The Council Episode Three: Ripples Review

When the last episode of The Council concluded a new mystery had arrived, adding to an already complex web of questions. The third episode of The Council is called Ripples, and from that name you’d assume the new investigation Louis  finds himself in would be caused by the knock-on effects from previous episodes. However while providing a dramatic ending, these threads are tucked under the rug through episode three, though they’ll probably be revisited at a later date.

Ripples is an episode where you’ll need to process a lot of information in its two hours of playtime, but each revelation does less and less to clear the fog of The Council. One major plot point is cleared up surrounding why The Council is meeting, which relates to the future of the United States, and it ties into an event in history that would have ired some. It’s an event that isn’t hugely covered in textbooks, at least not in the UK, and to reveal any more would likely allow you to guess certain plot points, so we’ll leave that there. Suffice to say The Council is divided over what is proposed.


This proposed deal, while a big issue in itself, provides the background for what transpires between the characters. Our main protagonist Louis finds himself caught up in not just political intrigue, but emotional distress and family arguments. A lot happens in this episode, but it can be argued that too much occurs, not allowing some poignant events the space to breathe and for their impact to be felt.

One moment you’re in a meeting discussing the pros and cons of the political issue at hand, and a little while later Louis is right in the middle of a climactic standoff. Even then that moment isn’t the true climax of the episode and even more subjects are thrown onto the pile soon after. It’s much more eventful than the previous episode, and there isn’t quite as much reliance on environmental puzzles either which allows for proceedings to run more smoothly, even it feels hectic at times.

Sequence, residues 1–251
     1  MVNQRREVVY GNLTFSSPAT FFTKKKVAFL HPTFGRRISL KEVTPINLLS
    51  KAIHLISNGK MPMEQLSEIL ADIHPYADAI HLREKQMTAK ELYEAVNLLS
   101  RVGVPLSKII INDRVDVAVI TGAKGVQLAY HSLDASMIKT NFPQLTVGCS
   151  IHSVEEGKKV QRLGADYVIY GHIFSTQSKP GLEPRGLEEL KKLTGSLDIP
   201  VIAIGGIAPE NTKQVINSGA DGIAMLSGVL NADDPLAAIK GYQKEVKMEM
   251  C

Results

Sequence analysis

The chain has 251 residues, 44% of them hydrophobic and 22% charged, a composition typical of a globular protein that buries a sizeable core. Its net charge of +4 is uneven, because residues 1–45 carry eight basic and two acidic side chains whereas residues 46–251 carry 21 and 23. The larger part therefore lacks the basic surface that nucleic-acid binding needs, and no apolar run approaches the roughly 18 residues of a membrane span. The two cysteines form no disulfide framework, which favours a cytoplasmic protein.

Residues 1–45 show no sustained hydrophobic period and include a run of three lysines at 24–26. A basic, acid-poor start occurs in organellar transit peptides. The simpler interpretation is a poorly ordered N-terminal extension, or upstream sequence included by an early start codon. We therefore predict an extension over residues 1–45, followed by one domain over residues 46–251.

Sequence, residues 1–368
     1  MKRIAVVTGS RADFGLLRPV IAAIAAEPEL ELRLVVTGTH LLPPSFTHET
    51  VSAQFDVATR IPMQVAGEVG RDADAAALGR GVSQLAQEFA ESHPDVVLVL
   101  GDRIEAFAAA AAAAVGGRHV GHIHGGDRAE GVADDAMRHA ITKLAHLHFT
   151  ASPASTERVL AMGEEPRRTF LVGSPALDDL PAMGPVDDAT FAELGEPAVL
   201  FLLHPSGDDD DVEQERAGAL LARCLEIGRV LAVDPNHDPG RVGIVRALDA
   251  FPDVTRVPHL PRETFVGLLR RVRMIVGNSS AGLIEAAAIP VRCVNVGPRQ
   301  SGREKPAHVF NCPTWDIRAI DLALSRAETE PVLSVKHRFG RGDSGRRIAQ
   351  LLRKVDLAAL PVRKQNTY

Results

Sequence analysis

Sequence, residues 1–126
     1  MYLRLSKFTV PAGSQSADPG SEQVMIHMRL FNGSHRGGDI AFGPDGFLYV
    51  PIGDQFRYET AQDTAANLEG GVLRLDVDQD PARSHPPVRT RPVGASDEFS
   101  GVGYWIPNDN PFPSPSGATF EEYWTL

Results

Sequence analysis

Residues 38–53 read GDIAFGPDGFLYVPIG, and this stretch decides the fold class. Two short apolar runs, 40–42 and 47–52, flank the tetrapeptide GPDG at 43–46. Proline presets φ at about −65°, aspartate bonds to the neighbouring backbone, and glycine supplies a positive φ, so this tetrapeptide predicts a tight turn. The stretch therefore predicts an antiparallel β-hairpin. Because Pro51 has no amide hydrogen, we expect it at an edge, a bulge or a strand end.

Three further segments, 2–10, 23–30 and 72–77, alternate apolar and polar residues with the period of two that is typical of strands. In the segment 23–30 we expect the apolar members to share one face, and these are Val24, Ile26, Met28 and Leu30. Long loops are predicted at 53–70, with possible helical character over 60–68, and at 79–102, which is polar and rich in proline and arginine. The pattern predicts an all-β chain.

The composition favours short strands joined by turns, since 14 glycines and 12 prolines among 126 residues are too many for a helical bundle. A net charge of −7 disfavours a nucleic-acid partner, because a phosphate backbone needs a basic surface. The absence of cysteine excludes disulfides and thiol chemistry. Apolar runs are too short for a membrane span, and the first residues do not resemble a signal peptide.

There are major confrontations to be had within Ripples, with both being important to the story, but one in particular felt incredibly sudden. To be fair, the subject matter in that confrontation would catch anyone off guard, but it still came out of the blue. There does seem to be less interaction with some of the characters this time around, which is a little bit of a shame, but makes sense from a story perspective.

Louis is the key person of interest for one of the characters during the course of Ripples and it is their relationship which is explored, though not always in an overt manner. It’s key for the player to be aware of what is said, as well as what is left unsaid, as the latter could be a lot more important in the long run.  That isn’t to say other characters don’t have their own important things to say, but a smaller cohort is all that is required for the big reveal.

As we’re in the third episode, most of the actors have settled into their characters providing well-delivered performances, but there are still some moments which feel over the top or delivered too dramatically. If you’ve played the first two episodes don’t expect new environments to pop up, though the ones that are familiar still retain that look of grandeur and attention to detail.

What’s Good:

  • Much more eventful than the last episode
  • Fewer environmental puzzles to solve
  • Much more focused on interpersonal relationships
  • Still looks amazing

What’s Bad:

  • Some moments aren’t given a chance to breathe
  • Some story threads felt abandoned

The Council’s third episode is frenetic with so much revealed and so many more questions asked. It piles on so much story content that at times it can feel overwhelming and what could be climatic moments in their own right are quickly pushed past for the next one. While it can be argued that is entertaining, it also means those moments feel glossed over. Yet Ripples does keep your attention and its actual end really does set up a showdown of words that has great potential.

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From the heady days of the Mega Drive up until the modern day gaming has been my main hobby. I'll give almost any game a go.